Maharashtra: Wait more this year for a good supply of Alphonso

PUNE Mango Lovers will have to wait almost a month and a half more this year for their favorite Alphonso to reach the markets in good quantities.

It is likely that an estimate of the department revealed will produce around 1.30,000 tons of the fruit in March-April compared to 1.53,000 tons during the same period last year. The drop in supplies during the initial period of the mango season has been caused by a delay in the flowering process due to the prolonged rainy season last year.

Unlike the past, mangoes are not expected to flood the markets this March and growers said there would be almost an 80% shortage of the fruit during the month because of the delay in flowering in the Ratnagiri-Sindhudurg mango belt. Mango es usually start reaching the markets after mid-February. By March, the markets receive mangoes in good quantities.

Vidyadhar Joshi, director of Devgad Taluka Mango Growers ’Association, told TOI that not even 10% flowering of mango trees has so far started in Konkan - right from Raigad to Vengurla. “Konkan recorded heavy and prolonged rain last year. The extended rainy season stopped the flowering stage in mango trees and caused a vegetative flush. The flowering started only recently and the rate is slow. The flowering process is expected to continue during almost the entire February and March, ”he said.

Mango fruits begin to develop only after the flowers are pollinated. “This means that there will be almost 80-90% shortage in mango supplies during February end and March in comparison to what these months normally get. Supplies will be almost 50% less than normal in April too, while a glut will hit the markets in May, ”Joshi said.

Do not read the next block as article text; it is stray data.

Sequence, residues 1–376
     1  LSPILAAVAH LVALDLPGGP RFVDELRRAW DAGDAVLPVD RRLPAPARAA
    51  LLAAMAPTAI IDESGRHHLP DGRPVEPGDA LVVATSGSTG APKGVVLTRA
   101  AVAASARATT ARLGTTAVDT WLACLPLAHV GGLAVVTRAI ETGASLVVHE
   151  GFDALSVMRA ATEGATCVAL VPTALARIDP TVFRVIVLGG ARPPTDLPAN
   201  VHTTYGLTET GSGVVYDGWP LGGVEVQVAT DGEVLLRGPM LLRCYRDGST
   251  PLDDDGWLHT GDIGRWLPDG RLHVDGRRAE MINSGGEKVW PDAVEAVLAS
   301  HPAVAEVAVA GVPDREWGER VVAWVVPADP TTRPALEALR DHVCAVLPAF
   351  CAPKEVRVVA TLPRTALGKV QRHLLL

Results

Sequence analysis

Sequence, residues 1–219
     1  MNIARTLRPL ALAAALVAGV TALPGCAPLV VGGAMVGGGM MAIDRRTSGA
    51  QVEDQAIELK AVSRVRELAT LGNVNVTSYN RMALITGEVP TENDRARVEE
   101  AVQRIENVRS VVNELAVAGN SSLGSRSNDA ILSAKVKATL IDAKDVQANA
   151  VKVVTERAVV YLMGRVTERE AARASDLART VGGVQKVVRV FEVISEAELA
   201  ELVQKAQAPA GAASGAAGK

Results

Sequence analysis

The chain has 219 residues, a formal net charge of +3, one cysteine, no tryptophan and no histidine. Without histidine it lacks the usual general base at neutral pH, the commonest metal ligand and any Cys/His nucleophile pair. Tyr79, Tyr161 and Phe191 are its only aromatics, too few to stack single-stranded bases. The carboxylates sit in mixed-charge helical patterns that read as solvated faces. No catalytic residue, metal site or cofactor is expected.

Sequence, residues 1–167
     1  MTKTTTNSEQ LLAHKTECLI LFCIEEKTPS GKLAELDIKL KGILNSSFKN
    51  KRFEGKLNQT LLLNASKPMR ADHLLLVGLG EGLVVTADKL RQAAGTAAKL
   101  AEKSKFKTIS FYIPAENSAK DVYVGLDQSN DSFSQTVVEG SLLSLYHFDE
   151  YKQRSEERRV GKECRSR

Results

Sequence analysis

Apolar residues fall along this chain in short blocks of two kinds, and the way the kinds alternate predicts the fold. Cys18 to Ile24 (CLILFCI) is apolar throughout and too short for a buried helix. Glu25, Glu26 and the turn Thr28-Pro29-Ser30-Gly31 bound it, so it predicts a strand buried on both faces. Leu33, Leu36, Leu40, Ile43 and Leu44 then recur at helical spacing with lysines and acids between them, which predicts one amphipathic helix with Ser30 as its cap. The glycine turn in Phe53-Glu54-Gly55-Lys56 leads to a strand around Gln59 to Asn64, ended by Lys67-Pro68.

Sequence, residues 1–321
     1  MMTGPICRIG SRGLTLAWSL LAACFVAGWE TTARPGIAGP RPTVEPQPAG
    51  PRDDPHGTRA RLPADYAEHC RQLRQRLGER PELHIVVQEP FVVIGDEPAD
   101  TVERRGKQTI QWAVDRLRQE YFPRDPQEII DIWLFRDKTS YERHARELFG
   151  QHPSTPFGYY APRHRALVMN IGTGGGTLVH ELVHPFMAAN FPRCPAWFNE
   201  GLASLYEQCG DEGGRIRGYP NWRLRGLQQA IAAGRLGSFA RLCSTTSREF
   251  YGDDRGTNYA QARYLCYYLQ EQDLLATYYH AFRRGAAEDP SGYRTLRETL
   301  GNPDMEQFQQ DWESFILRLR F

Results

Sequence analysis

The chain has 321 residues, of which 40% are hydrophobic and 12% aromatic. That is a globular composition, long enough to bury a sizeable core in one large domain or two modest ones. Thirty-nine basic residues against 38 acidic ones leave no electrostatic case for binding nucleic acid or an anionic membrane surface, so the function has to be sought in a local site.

Vivek Bhide, president of the Konkan Mango Growers and Sellers’ Association, said, “This seems to be the first time in many years that the arrival of mangoes in normal quantities into the markets may be delayed so much. The result will be 70-80% less supplies in March. Three conditions are needed during end of October to November 10 for mango flowering— ‘waaphasa' (mixture of 50 % air and 50 % water vapour in the cavities between two soil particles), night temperatures below 20ºC and appropriate wind flow. These conditions have to occur simultaneously. This did not happen in 2019 October-November.”

Mandar Desai, an Alphonso grower in Ratnagiri, said, “In comparison to last year, we may see a 70% shortage of the fruit in March this year. Usual mango stocks may start trickling in after April 20. People may face a shortage of mangoes during the two major festivals — Gudi Padwa (March 25) and Akshaya Tritiya (April 26) — when the demand for the fruit is high in .”

S K Godse, a retired professor at Balasaheb Sawant Konkan Krishi Vidyapeeth, said: “For mango trees to flourish, constant cold temperatures are needed for 10-15 days. This has not happened since November-December last year.